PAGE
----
Federal student aid rates fan fears
Doubling of interest rates on subsidized federal student loans, from 3.4 to 6.8 percent, may exact a more costly toll on some students, experts fear.
Megan McClean of the National Association of Student Financial Aid Administrators said the rates on Stafford loans, which increased on Monday, appear unreasonable to some students and parents who notice banks advertising private loans with adjustable rates starting as low as 2.7 percent.
“It's making things difficult for our members,” McClean said. “Almost always, we urge our students to exhaust all federal aid options before turning to private loans. But now we hear parental pushback. Parents and students are saying that private loans have better rates.”
Yet rates on private loans can escalate dramatically.
“Those rates have nowhere to go but up,” said financial aid expert Mark Kantrowitz.
Kantrowitz, senior vice president and publisher of Edvisors network, said interest rates have climbed as high as 14 to 15 percent on some adjustable-rate private student loans. He, too, advises students to exhaust federal loan eligibility before turning to private lenders.
Pauline Abernathy, vice president of the Institute for College Access & Success, an organization that studies college costs, said her group and others warned for weeks that less-than-savvy borrowers could be drawn into risky private loans if rates on subsidized federal loans increased.
Although rates on subsidized federal loans increased up to 8.25 percent in the 1990s and early 2000s, Congress reduced them to 3.4 percent because of the 2008 recession. Rates bounced back to 6.8 percent on new loans this week when Congress did not extend the lower rate.
Abernathy's group was among more than two dozen organizations that raised alarms about the potential impact of the rate hike.
“We are deeply concerned that the doubling of interest rates during a period of record–low market interest rates will lead to a significant increase in students mistakenly turning to costly and risky private loans for higher education,” they wrote in a June 17 letter to Richard Cordray, director of the federal Consumer Financial Protection Bureau.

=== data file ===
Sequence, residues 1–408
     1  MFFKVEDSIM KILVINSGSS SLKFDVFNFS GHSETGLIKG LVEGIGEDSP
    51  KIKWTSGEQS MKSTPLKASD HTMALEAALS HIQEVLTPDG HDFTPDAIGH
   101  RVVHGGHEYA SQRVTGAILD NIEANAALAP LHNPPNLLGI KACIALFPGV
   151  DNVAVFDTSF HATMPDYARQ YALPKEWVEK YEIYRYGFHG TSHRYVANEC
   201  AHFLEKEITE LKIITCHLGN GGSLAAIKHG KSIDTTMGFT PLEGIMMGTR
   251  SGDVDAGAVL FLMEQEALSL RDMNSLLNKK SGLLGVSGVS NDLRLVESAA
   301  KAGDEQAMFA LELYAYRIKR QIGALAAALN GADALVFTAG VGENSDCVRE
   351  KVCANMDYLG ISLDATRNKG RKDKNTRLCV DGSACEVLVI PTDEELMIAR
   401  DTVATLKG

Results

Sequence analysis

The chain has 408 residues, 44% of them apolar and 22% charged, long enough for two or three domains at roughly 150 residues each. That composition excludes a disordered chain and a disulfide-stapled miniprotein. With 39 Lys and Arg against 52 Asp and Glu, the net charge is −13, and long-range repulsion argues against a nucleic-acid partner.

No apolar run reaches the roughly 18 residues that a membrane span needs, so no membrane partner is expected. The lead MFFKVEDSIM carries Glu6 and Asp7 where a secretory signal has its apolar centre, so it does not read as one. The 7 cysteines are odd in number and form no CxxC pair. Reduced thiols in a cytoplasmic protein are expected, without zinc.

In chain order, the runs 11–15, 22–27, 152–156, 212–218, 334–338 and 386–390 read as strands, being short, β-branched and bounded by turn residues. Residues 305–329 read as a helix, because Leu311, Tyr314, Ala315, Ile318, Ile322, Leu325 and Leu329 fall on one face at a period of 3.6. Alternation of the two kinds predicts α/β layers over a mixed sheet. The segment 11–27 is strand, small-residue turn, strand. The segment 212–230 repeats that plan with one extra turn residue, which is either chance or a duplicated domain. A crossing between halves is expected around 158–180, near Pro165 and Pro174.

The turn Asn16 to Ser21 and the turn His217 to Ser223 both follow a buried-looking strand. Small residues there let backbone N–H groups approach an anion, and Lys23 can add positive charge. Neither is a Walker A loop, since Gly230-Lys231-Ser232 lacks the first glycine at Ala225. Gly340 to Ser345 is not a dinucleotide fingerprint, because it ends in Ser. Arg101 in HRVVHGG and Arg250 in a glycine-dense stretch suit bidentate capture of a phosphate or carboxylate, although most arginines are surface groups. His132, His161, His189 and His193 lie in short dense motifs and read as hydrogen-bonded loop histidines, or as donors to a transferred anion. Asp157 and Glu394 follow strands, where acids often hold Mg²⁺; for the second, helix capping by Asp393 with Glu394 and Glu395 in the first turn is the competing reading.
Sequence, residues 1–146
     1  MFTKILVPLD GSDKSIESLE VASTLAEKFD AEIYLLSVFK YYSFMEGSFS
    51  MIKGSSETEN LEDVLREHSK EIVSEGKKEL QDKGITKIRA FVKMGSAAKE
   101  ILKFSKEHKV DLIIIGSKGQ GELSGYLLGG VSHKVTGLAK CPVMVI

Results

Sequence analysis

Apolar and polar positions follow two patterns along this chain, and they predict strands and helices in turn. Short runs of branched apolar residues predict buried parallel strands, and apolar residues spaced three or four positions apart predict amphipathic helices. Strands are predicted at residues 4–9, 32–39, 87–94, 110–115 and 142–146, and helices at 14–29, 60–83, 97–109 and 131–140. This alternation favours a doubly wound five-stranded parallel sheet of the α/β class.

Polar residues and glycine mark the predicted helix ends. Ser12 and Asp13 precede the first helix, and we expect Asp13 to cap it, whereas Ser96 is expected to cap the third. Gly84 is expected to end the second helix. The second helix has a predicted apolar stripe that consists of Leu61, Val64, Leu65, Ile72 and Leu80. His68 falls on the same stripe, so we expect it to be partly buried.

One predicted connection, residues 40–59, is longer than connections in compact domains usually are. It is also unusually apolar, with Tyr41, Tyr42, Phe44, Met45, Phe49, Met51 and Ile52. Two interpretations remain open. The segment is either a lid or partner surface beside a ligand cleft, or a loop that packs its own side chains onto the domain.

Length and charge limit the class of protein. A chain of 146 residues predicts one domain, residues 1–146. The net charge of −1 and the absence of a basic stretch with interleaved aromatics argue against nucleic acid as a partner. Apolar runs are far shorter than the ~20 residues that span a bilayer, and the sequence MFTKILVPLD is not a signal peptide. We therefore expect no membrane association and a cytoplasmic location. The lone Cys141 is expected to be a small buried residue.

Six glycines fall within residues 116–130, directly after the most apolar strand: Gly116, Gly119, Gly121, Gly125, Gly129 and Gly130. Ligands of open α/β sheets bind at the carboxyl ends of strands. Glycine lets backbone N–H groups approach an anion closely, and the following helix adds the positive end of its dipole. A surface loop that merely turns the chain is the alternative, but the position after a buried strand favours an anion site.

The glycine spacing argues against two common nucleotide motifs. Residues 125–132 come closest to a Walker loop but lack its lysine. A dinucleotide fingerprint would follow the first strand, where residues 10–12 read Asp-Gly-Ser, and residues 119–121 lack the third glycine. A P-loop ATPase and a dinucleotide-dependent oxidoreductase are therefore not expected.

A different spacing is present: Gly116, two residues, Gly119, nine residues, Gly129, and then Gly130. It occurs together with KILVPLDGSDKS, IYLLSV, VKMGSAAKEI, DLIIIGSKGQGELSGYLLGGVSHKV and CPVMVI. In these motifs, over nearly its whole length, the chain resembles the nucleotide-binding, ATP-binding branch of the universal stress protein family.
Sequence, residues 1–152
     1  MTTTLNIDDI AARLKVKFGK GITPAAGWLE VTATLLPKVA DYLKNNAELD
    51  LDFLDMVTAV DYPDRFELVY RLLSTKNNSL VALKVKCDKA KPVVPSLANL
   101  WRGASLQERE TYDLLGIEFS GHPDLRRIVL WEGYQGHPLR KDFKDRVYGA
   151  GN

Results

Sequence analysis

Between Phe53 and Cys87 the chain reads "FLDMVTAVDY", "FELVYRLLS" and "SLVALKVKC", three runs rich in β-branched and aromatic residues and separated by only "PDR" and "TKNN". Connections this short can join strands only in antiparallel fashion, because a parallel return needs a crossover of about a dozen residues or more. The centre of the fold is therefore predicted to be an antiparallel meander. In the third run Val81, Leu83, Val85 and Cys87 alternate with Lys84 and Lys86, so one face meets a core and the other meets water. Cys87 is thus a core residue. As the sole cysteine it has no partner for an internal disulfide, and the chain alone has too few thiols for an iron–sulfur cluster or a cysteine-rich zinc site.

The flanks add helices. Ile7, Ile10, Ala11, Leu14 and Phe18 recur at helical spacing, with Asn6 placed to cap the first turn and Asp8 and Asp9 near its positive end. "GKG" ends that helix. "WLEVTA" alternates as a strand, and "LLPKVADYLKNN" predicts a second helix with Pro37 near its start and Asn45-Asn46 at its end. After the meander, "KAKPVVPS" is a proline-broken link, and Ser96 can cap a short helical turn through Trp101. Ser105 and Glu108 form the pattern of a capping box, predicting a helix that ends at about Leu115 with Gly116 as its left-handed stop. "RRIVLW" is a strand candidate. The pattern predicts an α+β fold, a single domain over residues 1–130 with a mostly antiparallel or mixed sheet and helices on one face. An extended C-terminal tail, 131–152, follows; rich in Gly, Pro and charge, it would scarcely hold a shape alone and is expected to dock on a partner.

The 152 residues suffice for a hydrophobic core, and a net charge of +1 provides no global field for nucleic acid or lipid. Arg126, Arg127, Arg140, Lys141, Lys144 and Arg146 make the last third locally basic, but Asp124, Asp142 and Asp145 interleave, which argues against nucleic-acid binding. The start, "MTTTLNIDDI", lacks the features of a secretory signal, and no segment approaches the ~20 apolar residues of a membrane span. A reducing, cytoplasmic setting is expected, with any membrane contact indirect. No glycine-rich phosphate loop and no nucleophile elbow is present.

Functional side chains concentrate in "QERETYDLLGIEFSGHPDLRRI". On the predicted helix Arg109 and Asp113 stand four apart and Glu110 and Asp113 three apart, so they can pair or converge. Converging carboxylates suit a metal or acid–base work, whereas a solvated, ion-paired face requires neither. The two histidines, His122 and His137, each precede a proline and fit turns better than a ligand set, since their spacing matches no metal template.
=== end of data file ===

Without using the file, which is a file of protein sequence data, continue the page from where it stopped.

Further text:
University of Pittsburgh sophomore Neil Debski said he's glad his parents shopped around for a private loan to help underwrite his costs this fall. They secured a 6.3 percent fixed-rate loan so he won't be caught in the spiral of rising payments.
Debski, an engineering major from Baldwin Borough, works two jobs and has student loans to help cover his costs at Pitt, which recently ranked as the priciest public university in the nation.
“We didn't want to go to a variable rate,” he said.
Abernathy said even at a 6.8 percent fixed rate, students and parents should remember that federal loans carry features that private loans do not offer.
“It's not just how much you borrow and the rate, but how you borrow, and federal loans come with a whole range of protections not available on private loans,” Abernathy said.
“Federal loans have better back-end benefits,” McClean said. “They have a grace period for payment to begin, they have income-based repayment options, and there are provisions for discharge on death and disability.”
Debra Erdley is a Trib Total Media staff writer. Reach her at 412-320-7996 or firstname.lastname@example.org.
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